If you decide to perform a dry crossing, you will need to add a transport knot into the system. I personally prefer this method because you only have to have one strong swimmer/climber to initially take the far side rope end to the far side.
Now that you’ve brought the rope around the tree, go back to the part of the rope on the other side of the tree and make a loop with the piece of rope coming from the far side crossing over the piece that goes around the tree. Now go back to the part that you just looped around the tree. Make a bight in the rope and pass it through the back of the loop you just made and clasp it into the caribiner on your static knot further down the rope.
Tightening and Anchoring the Rope
If you didn’t tie the transport knot into the system, clasp the rope into the carabiner attached to the static knot. Now you need to tighten the bridge. Pull the loose end of the rope coming out of the carabiner until the bridge is the appropriate taughtness. Tie the rope off on the anchor point. You can tie the rope off with any number of knots, but the easiest on to use is a round-turn with two half-hitches.
Collapsing the Bridge
For a dry crossing,after everybody but the last two people have crossed, untie your rope anchor knot and tie it to the second-to-last crosser and have him cross. As long as the slack end is directed toward the far end from the loop in the rope, the tension will be maintained. If you want to be doubly safe, you can twist the rope at the carabiner to bind all the rope. Once that person has crossed, pull the loop from the transport knot out of the carabiner and let the transport knot collapse. At this point, you basically have a rope tied on the far end anchor point, that crosses to the near end, loops around the near anchor point and back across to the far end. Have several people on the far end pull the rope tight and anchor the rope to the far end anchor point as described above. After you cross, untie the rope at both end and pull on the end until all of the rope is on your side.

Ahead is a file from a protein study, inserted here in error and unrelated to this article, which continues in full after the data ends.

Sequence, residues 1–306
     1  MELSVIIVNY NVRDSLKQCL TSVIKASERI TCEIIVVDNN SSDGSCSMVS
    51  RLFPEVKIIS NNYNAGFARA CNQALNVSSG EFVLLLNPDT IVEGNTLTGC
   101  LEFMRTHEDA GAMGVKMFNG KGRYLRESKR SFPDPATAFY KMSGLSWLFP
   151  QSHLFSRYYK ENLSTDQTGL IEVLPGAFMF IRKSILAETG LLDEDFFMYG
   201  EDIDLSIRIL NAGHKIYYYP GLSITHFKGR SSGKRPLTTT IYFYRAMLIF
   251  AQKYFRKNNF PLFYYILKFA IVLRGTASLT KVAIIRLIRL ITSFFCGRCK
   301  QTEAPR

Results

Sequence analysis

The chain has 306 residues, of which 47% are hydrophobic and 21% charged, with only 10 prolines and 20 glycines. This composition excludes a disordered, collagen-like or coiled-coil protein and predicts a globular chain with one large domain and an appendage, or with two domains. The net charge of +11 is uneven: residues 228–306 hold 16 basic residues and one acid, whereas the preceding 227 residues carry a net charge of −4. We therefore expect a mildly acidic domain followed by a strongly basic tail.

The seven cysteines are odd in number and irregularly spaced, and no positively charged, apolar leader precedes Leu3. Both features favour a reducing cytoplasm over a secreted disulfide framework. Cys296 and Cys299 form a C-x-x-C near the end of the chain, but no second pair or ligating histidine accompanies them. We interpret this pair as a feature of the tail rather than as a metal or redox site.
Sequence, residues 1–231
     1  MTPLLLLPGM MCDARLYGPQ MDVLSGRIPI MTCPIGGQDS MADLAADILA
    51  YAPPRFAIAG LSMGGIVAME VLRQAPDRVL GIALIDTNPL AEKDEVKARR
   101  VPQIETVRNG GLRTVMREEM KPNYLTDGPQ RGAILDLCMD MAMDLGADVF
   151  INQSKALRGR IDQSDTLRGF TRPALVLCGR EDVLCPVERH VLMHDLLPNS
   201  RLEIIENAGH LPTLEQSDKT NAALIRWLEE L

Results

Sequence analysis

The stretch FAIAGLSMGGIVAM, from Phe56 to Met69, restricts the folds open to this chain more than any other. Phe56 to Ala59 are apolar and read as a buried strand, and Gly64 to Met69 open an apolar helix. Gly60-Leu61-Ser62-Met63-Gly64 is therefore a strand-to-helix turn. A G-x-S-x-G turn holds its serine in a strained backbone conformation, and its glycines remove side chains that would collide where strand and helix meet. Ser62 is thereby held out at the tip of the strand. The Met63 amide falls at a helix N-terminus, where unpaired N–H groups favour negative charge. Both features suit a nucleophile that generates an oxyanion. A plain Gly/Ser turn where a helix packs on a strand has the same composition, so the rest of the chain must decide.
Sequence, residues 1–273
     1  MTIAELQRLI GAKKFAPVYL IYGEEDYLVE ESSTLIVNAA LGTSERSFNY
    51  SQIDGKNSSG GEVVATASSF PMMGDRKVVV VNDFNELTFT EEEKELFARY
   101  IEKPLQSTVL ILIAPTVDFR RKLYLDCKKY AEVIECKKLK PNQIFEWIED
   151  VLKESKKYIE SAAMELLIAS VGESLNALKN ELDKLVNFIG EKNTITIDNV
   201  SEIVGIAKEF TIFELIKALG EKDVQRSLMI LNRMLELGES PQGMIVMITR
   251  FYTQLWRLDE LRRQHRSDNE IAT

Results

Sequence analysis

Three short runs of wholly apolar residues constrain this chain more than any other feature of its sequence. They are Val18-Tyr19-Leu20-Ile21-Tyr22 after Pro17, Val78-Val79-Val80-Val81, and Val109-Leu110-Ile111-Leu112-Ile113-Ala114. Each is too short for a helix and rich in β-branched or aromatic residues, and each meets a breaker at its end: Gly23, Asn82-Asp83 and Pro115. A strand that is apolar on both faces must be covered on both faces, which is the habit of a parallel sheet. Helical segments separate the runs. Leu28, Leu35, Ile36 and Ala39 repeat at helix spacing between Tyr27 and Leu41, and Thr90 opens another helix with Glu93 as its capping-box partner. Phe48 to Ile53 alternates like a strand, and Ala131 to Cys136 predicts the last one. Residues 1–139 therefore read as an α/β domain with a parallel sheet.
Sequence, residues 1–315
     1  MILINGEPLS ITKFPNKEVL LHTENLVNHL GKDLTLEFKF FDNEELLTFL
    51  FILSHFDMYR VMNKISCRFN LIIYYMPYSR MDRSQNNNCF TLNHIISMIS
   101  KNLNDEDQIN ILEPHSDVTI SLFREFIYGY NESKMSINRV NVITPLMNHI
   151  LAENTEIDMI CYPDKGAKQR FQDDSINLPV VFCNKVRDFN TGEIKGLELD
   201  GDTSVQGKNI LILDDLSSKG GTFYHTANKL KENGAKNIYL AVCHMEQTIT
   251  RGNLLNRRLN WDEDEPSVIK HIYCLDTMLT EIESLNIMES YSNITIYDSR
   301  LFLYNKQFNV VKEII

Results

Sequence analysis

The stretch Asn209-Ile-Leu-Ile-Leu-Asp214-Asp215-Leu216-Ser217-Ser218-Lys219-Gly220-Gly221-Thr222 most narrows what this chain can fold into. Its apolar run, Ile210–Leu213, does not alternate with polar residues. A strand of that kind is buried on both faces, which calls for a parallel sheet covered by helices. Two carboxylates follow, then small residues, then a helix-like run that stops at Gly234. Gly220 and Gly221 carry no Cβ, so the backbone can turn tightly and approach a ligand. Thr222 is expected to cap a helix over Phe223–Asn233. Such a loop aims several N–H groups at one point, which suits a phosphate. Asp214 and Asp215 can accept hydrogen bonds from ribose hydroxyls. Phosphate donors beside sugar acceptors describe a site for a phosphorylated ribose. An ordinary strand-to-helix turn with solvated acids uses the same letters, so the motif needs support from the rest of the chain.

One-Rope (Commando) Bridge
The one-rope, or commando, bridge is the simplest to build and tear down, but the most difficult and physically demanding to cross. As the name hints, you only use one rope to traverse your obstacle, meaning you’ll be in an awkward position, using pure muscle strength to drag yourself along the length of the bridge. This is ideal if you’re only crossing with minimal gear and able-bodied individuals, and in a hurry. Also, this is probably what your going to need initially when building a permanent bridge in order to move things back and forth during construction.
Crossing the Bridge
Crossing a bridge made with one rope can be tricky.
Two-Rope (Postmans) Bridge
If you have a lot of equipment or people incapable of crossing a Commando Bridge, but you still need your bridge to be temporary and/or hastily constructed and dismantled, then the Postman’s Bridge is your best bet. It is a reasonable balance of stability and expediency. When constructing this bridge, you are basically just building 2 Commando Bridges at different heights.
Three-Rope (Monkey) Bridge
The Monkey Bridge requires a bit more preparation, and because of the required resources and investment of time in this bridge, it is likely that you will use this in a semi-permanent capacity. One benefit that this bridge has over the previously discussed is that it can be used to span further distances.
Fortunately, the construction process is not overly complicated. Lay your hand and foot ropes out and tie stringers onto them so that the strings wrap each rope at approximately three foot intervals.
Build the shears by laying out two equal-length pieces of wood and tying them 2/3 of the way up. Spread them apart at the feet and lash them to a cross brace.
Lay the foot rope in the crux of the lasher, tie it to the anchor on one end and then tighten and tie at the other end. Do the same with the hand ropes, looping them over the tops of the shears first.